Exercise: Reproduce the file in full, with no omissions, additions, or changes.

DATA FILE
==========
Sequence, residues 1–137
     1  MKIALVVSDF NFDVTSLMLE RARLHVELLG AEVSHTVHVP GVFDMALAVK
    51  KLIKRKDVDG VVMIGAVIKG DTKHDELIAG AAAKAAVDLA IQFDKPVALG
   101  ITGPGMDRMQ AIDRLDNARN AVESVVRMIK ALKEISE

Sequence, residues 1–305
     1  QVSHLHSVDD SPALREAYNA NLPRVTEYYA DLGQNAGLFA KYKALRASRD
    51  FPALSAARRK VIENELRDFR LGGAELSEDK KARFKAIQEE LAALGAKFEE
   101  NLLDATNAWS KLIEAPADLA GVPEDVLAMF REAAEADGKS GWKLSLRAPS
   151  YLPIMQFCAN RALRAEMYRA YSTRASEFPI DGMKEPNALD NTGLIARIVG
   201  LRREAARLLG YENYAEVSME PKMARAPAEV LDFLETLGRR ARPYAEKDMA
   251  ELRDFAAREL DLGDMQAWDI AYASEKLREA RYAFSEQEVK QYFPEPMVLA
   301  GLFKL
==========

Sequence, residues 1–137
     1  MKIALVVSDF NFDVTSLMLE RARLHVELLG AEVSHTVHVP GVFDMALAVK
    51  KLIKRKDVDG VVMIGAVIKG DTKHDELIAG AAAKAAVDLA IQFDKPVALG
   101  ITGPGMDRMQ AIDRLDNARN AVESVVRMIK ALKEISE

Sequence, residues 1–305
     1  QVSHLHSVDD SPALREAYNA NLPRVTEYYA DLGQNAGLFA KYKALRASRD
    51  FPALSAARRK VIENELRDFR LGGAELSEDK KARFKAIQEE LAALGAKFEE
   101  NLLDATNAWS KLIEAPADLA GVPEDVLAMF REAAEADGKS GWKLSLRAPS
   151  YLPIMQFCAN RALRAEMYRA YSTRASEFPI DGMKEPNALD NTGLIARIVG
   201  LRREAARLLG YENYAEVSME PKMARAPAEV LDFLETLGRR ARPYAEKDMA
   251  ELRDFAAREL DLGDMQAWDI AYASEKLREA RYAFSEQEVK QYFPEPMVLA
   301  GLFKL